Cancer patient raises environmental concerns over chemo drugs

Cancer patient raises environmental concerns over chemo drugs

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by GARY CHITTIM / KING 5 News

kgw.com

Posted on February 8, 2012 at 9:19 AM

Updated Wednesday, Feb 8 at 9:19 AM

SEATTLE - With each drip from the IV bag,  Dr. Molly Linton knows it is the delivery system for her her best chance to beat the cancer attacking her body.

"As a naturepath, I'm doing chemotherapy because there's nothing in my bag that would work," said Linton as she took her second dose of powerful cancer fighting drugs.

She was forced to suspend her thriving practice to concentrate on her breast cancer. The battle is consuming nearly every moment of her busy life.

But Linton has begun a personal campaign to get answers about the drugs she and a growing number of U.S. residents are using to fight cancer. She is convinced cancer is linked to environmental factors. She worries the waste stream is laden with a man-made chemical stew that passes through our homes, vehicles and our bodies. And now she worries that some of the most powerful of those chemicals, her cancer drugs, pass through her body largely unchanged and into the sewer lines to add to the stew.

"Sampling over the last decade have shown there are identifiable amounts of various pharmaceuticals and personal care products in the general environment," said University of Washington Researcher John Kissel.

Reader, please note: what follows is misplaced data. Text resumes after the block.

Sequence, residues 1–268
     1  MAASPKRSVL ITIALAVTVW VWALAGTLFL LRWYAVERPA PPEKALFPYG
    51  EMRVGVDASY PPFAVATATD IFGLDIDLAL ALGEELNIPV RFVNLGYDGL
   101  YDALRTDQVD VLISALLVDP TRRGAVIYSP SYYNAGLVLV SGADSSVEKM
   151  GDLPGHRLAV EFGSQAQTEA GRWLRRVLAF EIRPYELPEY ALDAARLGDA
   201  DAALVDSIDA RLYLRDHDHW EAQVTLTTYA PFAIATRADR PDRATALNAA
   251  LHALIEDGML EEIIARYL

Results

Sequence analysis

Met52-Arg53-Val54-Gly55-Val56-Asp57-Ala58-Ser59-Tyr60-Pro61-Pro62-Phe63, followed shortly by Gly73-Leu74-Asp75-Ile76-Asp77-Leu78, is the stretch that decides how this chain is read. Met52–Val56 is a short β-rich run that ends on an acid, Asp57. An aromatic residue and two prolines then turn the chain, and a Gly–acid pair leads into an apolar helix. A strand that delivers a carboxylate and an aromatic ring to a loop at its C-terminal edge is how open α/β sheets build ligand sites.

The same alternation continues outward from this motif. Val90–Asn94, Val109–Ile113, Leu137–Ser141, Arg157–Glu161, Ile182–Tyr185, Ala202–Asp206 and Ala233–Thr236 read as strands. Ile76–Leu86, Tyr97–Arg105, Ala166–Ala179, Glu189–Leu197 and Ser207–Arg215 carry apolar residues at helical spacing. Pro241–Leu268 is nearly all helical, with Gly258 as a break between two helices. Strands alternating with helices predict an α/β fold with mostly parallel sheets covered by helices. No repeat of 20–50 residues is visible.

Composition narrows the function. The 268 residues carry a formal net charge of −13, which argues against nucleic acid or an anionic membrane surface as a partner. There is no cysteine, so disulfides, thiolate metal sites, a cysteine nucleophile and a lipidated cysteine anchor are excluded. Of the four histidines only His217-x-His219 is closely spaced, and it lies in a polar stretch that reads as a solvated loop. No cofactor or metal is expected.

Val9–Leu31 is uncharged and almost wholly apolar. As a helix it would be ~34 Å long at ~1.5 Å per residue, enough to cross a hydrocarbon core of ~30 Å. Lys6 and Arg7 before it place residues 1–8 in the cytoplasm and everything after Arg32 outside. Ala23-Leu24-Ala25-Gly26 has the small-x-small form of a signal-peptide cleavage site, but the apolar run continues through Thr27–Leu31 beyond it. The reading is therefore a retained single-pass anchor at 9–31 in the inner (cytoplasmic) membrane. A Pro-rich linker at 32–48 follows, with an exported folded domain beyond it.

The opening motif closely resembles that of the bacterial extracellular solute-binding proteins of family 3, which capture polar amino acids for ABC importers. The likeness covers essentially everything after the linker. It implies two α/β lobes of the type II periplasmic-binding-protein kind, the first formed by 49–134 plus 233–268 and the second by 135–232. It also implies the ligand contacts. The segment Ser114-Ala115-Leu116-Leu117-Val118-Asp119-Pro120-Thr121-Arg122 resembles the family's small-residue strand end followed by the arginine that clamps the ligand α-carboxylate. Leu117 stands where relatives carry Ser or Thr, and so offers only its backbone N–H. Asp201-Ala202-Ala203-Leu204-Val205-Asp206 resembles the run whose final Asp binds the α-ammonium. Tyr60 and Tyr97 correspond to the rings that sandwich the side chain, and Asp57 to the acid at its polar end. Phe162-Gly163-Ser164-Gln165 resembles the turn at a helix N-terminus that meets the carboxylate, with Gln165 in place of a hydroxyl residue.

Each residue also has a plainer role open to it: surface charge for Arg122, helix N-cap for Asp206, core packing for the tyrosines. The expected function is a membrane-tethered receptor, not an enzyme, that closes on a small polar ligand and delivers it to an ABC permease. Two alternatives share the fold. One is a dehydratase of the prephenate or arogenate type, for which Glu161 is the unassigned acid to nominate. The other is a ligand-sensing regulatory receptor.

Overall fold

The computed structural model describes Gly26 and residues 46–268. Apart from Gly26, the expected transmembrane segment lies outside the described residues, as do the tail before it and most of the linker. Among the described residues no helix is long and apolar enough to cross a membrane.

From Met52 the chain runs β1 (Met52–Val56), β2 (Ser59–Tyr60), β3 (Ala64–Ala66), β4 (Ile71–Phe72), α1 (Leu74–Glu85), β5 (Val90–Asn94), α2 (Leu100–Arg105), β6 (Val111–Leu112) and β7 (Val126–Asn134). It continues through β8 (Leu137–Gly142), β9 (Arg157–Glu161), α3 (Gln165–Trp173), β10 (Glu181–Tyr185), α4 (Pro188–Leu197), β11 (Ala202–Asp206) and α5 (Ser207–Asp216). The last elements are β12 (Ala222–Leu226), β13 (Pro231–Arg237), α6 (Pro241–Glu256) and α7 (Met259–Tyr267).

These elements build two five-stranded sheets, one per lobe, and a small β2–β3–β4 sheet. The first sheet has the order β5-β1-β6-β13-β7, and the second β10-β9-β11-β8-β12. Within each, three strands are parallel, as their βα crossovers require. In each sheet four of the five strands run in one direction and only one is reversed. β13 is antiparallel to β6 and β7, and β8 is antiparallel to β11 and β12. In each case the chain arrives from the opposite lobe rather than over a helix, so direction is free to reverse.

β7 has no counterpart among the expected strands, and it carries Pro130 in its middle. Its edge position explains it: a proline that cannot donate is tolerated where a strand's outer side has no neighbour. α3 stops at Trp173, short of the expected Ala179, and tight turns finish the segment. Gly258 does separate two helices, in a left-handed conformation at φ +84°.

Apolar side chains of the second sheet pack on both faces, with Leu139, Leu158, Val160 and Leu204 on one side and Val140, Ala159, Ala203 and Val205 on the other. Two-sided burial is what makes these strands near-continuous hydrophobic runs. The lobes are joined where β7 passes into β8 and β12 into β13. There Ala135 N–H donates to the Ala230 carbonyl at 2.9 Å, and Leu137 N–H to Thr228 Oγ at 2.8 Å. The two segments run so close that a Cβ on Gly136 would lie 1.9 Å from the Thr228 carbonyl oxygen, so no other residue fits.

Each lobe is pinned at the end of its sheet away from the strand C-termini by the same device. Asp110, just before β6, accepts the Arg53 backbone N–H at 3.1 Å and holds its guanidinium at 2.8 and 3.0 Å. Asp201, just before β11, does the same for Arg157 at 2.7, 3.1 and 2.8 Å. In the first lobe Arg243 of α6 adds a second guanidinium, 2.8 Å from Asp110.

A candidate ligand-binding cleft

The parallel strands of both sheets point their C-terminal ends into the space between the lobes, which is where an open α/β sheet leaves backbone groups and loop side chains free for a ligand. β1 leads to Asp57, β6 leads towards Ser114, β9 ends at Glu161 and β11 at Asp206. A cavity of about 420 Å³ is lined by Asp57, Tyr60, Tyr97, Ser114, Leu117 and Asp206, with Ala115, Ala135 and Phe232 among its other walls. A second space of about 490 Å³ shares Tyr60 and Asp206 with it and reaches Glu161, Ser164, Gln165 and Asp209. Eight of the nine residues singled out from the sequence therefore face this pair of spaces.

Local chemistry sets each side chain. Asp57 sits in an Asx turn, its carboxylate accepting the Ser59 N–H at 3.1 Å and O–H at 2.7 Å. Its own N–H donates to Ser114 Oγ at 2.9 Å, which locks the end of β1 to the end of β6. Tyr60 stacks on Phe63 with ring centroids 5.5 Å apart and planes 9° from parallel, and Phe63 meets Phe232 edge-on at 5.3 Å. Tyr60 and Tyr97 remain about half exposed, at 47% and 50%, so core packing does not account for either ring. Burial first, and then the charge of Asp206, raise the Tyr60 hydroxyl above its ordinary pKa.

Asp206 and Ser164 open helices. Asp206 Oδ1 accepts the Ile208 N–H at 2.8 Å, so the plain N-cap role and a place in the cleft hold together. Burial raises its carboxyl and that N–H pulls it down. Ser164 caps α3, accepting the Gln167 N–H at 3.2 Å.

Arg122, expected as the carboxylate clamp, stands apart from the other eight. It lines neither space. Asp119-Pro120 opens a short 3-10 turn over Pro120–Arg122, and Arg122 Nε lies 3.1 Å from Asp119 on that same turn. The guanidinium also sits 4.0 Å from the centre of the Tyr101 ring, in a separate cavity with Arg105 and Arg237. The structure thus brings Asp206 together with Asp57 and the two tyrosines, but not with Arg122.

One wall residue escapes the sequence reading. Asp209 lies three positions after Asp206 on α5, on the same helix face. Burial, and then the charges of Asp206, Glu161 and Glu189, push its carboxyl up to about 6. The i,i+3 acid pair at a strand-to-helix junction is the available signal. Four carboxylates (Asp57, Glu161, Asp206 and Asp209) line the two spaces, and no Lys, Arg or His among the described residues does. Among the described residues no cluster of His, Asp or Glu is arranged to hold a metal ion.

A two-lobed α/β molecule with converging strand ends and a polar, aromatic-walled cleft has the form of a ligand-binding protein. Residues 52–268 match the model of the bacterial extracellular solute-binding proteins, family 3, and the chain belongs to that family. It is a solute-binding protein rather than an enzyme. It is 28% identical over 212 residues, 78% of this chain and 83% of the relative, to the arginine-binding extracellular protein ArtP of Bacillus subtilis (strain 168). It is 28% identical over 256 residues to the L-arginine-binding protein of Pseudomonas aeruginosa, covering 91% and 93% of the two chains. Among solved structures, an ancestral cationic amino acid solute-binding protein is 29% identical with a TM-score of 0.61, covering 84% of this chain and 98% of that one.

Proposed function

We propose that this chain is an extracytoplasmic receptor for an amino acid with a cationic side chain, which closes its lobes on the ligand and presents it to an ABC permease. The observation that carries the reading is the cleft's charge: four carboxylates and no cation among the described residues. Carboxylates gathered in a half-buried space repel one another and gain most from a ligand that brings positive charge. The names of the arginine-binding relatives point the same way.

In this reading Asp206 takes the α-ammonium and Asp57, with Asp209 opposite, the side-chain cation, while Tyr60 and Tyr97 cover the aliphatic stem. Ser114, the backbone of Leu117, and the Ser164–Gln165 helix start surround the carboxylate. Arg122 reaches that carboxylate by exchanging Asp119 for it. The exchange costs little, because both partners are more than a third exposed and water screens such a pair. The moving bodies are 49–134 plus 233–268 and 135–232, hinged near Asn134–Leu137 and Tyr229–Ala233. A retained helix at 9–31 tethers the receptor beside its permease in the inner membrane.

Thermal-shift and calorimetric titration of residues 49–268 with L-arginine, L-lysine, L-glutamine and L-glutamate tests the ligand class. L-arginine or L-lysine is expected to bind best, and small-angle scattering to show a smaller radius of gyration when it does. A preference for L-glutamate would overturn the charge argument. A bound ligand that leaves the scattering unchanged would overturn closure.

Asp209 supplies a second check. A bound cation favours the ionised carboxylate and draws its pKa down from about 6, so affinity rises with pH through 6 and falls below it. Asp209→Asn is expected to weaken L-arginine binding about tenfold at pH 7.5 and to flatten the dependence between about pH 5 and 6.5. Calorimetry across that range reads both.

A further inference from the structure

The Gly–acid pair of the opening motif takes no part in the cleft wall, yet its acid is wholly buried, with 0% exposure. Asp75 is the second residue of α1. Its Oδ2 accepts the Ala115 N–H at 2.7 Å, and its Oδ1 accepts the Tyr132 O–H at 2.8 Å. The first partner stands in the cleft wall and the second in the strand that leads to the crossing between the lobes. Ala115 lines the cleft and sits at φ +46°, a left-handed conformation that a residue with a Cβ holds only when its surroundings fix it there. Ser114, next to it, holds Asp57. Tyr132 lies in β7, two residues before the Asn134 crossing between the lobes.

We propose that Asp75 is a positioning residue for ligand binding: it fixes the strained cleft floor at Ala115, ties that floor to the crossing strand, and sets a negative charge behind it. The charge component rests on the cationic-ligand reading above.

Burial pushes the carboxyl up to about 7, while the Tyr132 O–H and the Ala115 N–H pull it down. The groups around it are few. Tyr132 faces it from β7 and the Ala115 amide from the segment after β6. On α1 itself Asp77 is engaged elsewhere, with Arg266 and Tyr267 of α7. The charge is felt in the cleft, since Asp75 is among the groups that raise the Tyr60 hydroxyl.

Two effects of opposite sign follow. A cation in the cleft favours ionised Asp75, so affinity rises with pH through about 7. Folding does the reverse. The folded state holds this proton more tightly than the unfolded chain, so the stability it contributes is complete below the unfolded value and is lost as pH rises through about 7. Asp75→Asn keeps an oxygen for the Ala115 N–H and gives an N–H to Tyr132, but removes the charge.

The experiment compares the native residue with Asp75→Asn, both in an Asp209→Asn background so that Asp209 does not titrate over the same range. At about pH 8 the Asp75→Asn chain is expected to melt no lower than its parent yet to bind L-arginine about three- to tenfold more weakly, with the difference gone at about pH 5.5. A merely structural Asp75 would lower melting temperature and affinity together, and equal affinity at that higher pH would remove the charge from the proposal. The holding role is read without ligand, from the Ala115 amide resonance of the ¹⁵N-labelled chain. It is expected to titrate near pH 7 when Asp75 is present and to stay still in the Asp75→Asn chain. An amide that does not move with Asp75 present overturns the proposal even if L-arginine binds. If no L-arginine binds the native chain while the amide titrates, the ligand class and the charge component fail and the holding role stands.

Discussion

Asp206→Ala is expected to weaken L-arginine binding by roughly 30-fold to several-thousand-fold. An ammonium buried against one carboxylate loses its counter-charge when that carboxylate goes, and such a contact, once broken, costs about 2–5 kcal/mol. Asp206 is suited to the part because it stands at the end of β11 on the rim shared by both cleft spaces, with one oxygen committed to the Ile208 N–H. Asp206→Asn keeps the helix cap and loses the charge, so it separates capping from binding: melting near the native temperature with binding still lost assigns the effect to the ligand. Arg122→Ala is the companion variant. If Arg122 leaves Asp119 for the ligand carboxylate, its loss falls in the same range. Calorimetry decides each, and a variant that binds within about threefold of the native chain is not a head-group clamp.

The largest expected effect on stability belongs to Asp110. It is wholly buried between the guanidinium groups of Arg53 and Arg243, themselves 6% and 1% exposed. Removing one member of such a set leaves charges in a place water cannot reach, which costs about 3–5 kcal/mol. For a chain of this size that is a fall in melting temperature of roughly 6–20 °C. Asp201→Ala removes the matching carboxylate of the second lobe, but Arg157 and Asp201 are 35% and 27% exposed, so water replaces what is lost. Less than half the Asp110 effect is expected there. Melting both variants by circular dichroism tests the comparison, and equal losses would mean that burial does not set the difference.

He agrees with Linton that even the most modern waste water treatment facilities are not designed to remove the chemicals found in the drugs and personal care products we have been using for decades and cancer drugs would be no exception.

Kissel said there is not enough testing of waste water effluent to know the extent of the problem and its possible affects on human and environmental health.

With so many scientists concerned some of our unexplained and growing maladies such as Parkinson's Disease and Alzheimer's are products of continued long term exposure to chemicals, both Linton and Kissel would like to see more studies.

Linton points out the nurses preparing her treatment have to use protective clothing to prevent being burned or inhaling fumes from the drugs.

And as she leans back to accept the flow she knows has the best chance of saving her life, she can't help worrying about those nurses and everyone else downstream.

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